‘The Two Noble Kinsmen’ – love versus friendship


The Two Noble Kinsmen is a Jacobean1 drama of a medieval English tale2 based on an Italian romance version3 of a Latin epic4 about one of the oldest and most tragic of Greek legends5; it has two authors6 and two heroes7.”  [L Potter, Introduction, page 1]

Notes on the above:

1 Written and first performed circa 1613; first published in 1634.

2 Geoffrey Chaucer’s Knight’s Tale (in the Canterbury Tales)

3 Giovanni Boccaccio’s Teseida

4 Statius’s Thebaid

5 The rivalry between the sons of Oedipus, Eteocles and Polynices over the right to rule Thebes; the siege of Thebes by seven warriors; and the eventual take-over of power by Oedipus’s brother, Creon

6 John Fletcher and William Shakespeare

7 Palamon and Arcite (cousins), who are rivals in love for Emilia, sister to Hippolyta, the bride of Theseus

Theseus, Duke of Athens, may be regarded as a hero too – or, in this play, rather, a judge.  There are, moreover, two heroines – Emilia and the unnamed  Daughter of the Jailer.


The main plot

Palamon and Arcite (Thebans) fight in the war and are heavily wounded.  Theseus orders (a) that they be treated and (b) that, once healed, they should be imprisoned.  Their rivalry commences when they espy Emilia from their shared cell. (The Jailer’s Daughter notices them.)  Later, they are both released, in turn.  They seize their first opportunity to arm and fight over Emilia (on stage).  Theseus interrupts their first fight and substitutes a deferred tournament (which takes place, offstage, in Act V).  The loser of the fight is to be executed, so that the rivalry will be ended, once and for all.

2 Notes on the above:

A Emilia sees merit in both her admirers but cannot, or will not, choose between them.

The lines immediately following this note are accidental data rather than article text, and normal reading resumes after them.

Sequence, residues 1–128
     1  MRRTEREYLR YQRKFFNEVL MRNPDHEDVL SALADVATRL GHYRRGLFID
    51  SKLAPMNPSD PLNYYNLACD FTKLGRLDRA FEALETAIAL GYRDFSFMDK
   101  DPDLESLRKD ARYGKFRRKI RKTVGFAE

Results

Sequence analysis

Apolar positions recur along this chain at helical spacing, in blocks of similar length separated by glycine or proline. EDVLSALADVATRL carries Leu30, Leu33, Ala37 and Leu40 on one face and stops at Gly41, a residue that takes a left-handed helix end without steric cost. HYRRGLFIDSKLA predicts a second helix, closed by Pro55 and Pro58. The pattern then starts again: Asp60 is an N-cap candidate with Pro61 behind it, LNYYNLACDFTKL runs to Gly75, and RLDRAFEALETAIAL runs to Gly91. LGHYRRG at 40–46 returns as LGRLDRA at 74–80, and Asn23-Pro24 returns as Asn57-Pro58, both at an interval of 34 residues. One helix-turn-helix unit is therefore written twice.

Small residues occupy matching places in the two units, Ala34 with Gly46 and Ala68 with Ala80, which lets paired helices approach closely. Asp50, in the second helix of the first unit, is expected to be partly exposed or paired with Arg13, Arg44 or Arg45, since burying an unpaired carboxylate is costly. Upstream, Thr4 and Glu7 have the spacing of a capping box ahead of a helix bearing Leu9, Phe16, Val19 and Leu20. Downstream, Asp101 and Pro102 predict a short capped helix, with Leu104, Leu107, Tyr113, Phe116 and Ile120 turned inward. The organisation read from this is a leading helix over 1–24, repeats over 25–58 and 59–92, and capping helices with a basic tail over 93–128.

B Emilia is content with the single life.

C Emilia is not consulted about her choice, either by Theseus or her suitors.

D Compare the love rivalry of Valentine and Proteus in The Two Gentlemen of Verona and that of Lysander and Demetrius in A Midsummer Night’s Dream.


1 In Act I, three widowed queens, forbidden by Creon to bury their husbands, killed in the Theban war, approach Theseus, interrupt his wedding procession, and beg him to “be advocate/For us and our distresses” (Scene 1, lines 31-2).  Theseus proceeds to wage war on Creon on their behalf (offstage); and the queens thank him when he returns victorious (Scene 4).  (This action is contained within Act I.)

2 The Jailer’s Daughter falls hopelessly and madly in love with Palamon: she releases him (offstage).  She is given four soliloquys, and also speeches reminiscent of Ophelia’s in Hamlet.  Her father arranges for her marriage to a ‘Wooer’, who pretends to be Palamon.

3 The Schoolmaster trains a party of country people to perform an entertainment for the nobles.  (Compare (a) Love’s Labour’s Lost and A Midsummer Night’s Dream and (b) Francis Beaumont’s Masque of the Inner Temple and Gray’s Inn: the latter can be found in Appendix 3 of L Potter’s edition of Kinsmen (pages 340-9).)


In respect of its outcomes, Kinsmen is not a comedy: love is characterised by “turmoil and suffering” (Bawcutt, page 41); the Jailer’s Daughter loves Palamon but her love is not returned (is he aware of it?); Emilia does not return the love both Arcite and Palamon profess for her; the Daughter is diverted towards the ‘Wooer’; Arcite “wins” the hand of Emilia in the tournament but is killed in an accident (offstage) before he can wed her.

Many of the actions are interrupted, eg the first combat between Palamon and Arcite.

People are not in control of their destiny: people are subject to inscrutable Fate.